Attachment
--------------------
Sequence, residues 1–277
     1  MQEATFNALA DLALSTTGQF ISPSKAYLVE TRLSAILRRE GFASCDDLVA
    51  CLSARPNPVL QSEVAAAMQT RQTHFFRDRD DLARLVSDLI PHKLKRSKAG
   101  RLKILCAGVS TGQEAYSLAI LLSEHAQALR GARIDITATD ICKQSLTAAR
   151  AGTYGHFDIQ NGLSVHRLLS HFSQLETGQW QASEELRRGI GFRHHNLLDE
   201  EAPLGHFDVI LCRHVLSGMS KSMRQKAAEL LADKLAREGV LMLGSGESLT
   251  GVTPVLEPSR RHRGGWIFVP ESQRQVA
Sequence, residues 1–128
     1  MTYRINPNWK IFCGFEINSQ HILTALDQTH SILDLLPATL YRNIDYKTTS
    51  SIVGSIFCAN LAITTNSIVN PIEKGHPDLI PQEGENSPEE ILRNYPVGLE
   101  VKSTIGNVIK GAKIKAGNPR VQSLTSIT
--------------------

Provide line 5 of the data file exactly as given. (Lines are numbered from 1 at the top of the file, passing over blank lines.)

   151  AGTYGHFDIQ NGLSVHRLLS HFSQLETGQW QASEELRRGI GFRHHNLLDE